In a boost to the fledgeling electric vehicle sector, the government plans to install fast-charging stations in some busy areas of New Delhi by the end of March. Once the facility is in place, electric vehicle owners will be able to charge for 15 minutes for a paltry sum of Rs 30.
State-owned Energy Efficiency Services has been tasked with setting up 84 fast chargers at frequently-visited places such as Khan Market and Yashwant Place, besides several other locations in the New Delhi Municipal Corporation area.
"We will set up fast-charging stations in public parking spaces and high-visibility areas. When people see chargers at various locations, it takes care of the range anxiety issues," Saurabh Kumar, managing director, EESL, told The Economic Times.
Range-anxiety has been one of the biggest roadblocks for the widespread adoption of electric vehicles, it refers to the concern caused by unavailability of public charging stations. Though it will take 90 minutes to fully charge a vehicle, a 15-minutes charge will be enough to drive 22 km. Users will also be able to conveniently book time slots through a mobile application, ElectriFi.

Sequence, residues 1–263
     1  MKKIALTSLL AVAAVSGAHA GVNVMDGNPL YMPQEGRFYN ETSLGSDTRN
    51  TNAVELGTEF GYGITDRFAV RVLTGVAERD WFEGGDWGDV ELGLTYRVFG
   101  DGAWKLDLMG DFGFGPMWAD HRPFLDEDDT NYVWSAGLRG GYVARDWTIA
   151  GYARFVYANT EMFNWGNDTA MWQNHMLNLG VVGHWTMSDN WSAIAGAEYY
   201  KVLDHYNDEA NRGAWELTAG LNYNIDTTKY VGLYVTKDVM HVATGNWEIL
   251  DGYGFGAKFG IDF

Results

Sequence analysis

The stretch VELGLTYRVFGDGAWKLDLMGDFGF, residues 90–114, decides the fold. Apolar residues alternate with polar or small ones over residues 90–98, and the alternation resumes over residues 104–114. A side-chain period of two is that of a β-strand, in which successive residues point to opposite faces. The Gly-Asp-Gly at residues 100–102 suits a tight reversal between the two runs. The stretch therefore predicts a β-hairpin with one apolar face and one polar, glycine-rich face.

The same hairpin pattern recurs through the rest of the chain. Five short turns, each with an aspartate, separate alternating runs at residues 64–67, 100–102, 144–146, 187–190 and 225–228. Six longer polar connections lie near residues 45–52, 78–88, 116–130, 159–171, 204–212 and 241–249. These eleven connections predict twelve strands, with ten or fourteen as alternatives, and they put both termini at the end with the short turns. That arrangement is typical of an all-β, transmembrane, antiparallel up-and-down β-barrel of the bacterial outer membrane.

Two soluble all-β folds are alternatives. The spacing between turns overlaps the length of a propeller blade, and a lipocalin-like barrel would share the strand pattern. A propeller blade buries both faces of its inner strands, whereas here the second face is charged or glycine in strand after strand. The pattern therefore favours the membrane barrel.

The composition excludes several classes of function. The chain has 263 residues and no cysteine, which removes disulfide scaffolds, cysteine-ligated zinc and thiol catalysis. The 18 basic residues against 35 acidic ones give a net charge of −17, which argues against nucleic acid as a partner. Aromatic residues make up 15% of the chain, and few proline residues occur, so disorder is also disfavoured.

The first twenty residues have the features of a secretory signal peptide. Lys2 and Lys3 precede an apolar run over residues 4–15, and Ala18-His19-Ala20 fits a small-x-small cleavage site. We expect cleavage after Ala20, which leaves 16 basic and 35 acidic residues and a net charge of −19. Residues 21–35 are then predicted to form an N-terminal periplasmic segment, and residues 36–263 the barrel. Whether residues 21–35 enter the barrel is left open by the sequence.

Initially, the stations will be equipped with Bharat DC-001 chargers, which are compatible with cars manufactured by Tata Motors and Mahindra & Mahindra. The stations will have space and interconnection facilities for European and Japanese charging standards and will be able to charge two- and three-wheelers also.
"As of now, we only need the 15-kW chargers. In the second half of the year, when several foreign automakers are expected to roll out their electric vehicles in India, we can equip these stations with the remaining standards," Kumar said, adding that EESL is using telematics data to improve the efficiency of electric vehicle deployment.
According to the data collected, a sedan covered a maximum of 92 km on a single charge. However, the range jumped up to 230 km with around four charging cycles.
"This is what the public charging system will address. The range of the cars goes up significantly by increasing the number of charge cycles. Each charge cycle doesn't even have to fully charge the battery," Kumar told the newspaper.